We like to talk about something called resilience, in counseling. Resilience is the ability to carry whatever life throws at us. Learning how to properly take care of ourselves creates better resilience. Just like physically healthy people, who exercise and eat well, can bounce back from an illness, mentally healthy people can bounce back from trauma, grief, and loss. That’s why self-care tips to practice regularly are a great tool to build resilience. Mentally healthy people can:

  • Enjoy life and have the ability to laugh and have fun.
  • Are able to deal with stress and bounce back from adversity.
  • Feel a sense of meaning and purpose, in both their activities and their relationships.
  • Are flexible and adaptable to change.
  • Are able to build and maintain fulfilling relationships.

I like to describe the feeling as life doesn’t feel heavy anymore. 

Here’s a few practical self-care tips you can start on:

  • Make yourself a priority. I have a list on my phone of tasks that are priority. I have to get the other things done on the other lists but what is on the priority list has to get done first because I either won’t have enough energy later to finish those tasks or I can’t finish the other lists without first finishing the priority list. The same is true for making yourself a priority. Put taking care of yourself on the list so that you can take care of others in your life. 
  • Take time to journal and meditate. I been doing a way better job at journaling. This helps me track my emotions and self regulate. I use a scripture meditation app. I don’t totally believe in being still and emptying your mind. I believe in being still and listening to God’s whispers in your life. Reading God’s Word consistently is also a great way to fill your life with truth.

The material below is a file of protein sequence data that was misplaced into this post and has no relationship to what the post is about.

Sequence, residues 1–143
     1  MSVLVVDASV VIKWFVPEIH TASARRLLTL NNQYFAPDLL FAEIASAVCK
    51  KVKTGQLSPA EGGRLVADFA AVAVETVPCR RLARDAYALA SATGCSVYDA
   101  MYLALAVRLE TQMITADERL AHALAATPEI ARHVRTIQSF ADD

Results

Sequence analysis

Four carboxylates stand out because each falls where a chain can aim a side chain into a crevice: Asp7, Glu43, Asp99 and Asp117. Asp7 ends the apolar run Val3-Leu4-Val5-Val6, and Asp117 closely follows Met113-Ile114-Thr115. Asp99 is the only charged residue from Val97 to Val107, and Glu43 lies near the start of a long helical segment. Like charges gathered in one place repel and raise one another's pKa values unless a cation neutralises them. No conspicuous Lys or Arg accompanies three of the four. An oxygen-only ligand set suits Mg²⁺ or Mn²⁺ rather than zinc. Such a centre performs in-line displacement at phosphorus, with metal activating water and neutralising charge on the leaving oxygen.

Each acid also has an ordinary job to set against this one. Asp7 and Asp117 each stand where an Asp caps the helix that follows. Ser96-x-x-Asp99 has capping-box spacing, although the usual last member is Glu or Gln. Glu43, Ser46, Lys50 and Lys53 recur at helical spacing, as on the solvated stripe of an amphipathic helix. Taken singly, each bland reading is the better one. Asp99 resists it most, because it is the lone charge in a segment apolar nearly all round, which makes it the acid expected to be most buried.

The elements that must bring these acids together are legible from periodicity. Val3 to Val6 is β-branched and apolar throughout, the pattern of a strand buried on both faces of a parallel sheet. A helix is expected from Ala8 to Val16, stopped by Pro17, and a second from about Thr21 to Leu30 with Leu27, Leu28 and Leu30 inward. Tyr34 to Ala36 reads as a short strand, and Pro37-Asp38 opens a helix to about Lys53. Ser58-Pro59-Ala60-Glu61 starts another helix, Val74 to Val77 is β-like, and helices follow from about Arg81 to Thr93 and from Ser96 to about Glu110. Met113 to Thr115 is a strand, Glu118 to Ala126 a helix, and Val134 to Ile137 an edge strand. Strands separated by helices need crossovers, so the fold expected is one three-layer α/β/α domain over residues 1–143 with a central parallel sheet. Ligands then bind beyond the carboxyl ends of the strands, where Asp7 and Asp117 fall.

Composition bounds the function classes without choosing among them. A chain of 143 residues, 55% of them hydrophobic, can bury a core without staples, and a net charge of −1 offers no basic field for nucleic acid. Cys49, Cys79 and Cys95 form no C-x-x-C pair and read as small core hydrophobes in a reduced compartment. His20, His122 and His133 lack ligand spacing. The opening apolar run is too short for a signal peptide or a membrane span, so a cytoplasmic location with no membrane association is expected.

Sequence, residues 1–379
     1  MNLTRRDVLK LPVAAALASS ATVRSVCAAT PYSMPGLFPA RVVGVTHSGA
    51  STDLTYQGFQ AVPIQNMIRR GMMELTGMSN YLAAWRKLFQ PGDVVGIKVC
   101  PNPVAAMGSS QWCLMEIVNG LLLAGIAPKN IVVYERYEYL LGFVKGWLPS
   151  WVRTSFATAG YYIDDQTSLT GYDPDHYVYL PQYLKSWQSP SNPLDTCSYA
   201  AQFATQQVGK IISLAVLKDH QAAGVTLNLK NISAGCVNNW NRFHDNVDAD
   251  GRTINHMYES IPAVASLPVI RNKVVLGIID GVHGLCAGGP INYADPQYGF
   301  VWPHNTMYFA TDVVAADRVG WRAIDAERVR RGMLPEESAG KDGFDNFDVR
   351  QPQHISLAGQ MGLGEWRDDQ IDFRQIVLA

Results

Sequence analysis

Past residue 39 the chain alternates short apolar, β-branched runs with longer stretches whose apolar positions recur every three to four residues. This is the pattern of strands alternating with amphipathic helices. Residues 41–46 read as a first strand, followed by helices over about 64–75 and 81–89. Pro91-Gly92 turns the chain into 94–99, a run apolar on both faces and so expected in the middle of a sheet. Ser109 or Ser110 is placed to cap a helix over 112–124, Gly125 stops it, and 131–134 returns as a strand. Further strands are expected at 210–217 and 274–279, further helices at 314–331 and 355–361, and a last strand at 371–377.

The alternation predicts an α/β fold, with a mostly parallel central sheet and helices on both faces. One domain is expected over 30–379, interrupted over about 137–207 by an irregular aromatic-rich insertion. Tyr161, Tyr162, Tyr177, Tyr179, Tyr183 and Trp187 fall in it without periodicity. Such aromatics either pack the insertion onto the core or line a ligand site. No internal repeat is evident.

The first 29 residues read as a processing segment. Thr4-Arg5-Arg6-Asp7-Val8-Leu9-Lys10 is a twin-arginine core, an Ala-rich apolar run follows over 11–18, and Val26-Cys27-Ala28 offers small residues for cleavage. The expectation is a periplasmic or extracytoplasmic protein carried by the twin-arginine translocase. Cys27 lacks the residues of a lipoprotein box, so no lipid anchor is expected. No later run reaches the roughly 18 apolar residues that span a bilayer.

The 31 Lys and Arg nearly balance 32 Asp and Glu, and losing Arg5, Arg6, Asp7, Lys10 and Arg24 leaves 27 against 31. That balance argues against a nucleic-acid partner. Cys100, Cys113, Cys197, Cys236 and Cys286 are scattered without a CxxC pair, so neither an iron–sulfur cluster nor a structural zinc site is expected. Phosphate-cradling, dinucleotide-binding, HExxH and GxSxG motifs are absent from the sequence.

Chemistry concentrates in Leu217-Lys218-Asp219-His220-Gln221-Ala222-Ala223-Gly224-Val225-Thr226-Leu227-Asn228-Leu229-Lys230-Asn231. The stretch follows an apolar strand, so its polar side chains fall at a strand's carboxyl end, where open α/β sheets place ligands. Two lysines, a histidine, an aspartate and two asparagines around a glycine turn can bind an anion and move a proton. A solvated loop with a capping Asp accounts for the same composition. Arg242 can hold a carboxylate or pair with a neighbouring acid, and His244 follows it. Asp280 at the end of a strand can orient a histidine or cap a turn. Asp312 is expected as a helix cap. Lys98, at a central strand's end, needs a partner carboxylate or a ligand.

• Learn something new. Even if you have depression, learning a new task helps alleviate stress. You feel accomplished and ready to tackle the next challenge in your life. I firmly believe you are never too old to learn.  

All of these things are great daily habits to get into. Speaking of daily habits — that is a topic for another episode that I am really excited to share with you on. So, Take some time to subscribe so that you don’t miss another episode and leave a review. This is just a way that others who love mental health tips, fashion and Jesus get to find the UR covered podcast. Thanks ahead of time! This is the first podcast and I am like so thrilled for this season. This podcast is a production of Abundantly More Media and I’m Hannah Lynn Miller and you are Covered. See you on the next episode. 

Hannah Lynn Miller
Hannah Lynn Miller

Hannah is a radio/podcast host, blogger, fashion-obsessed, mental health counselor in training and Bible teacher. Subscribe for daily inspiration.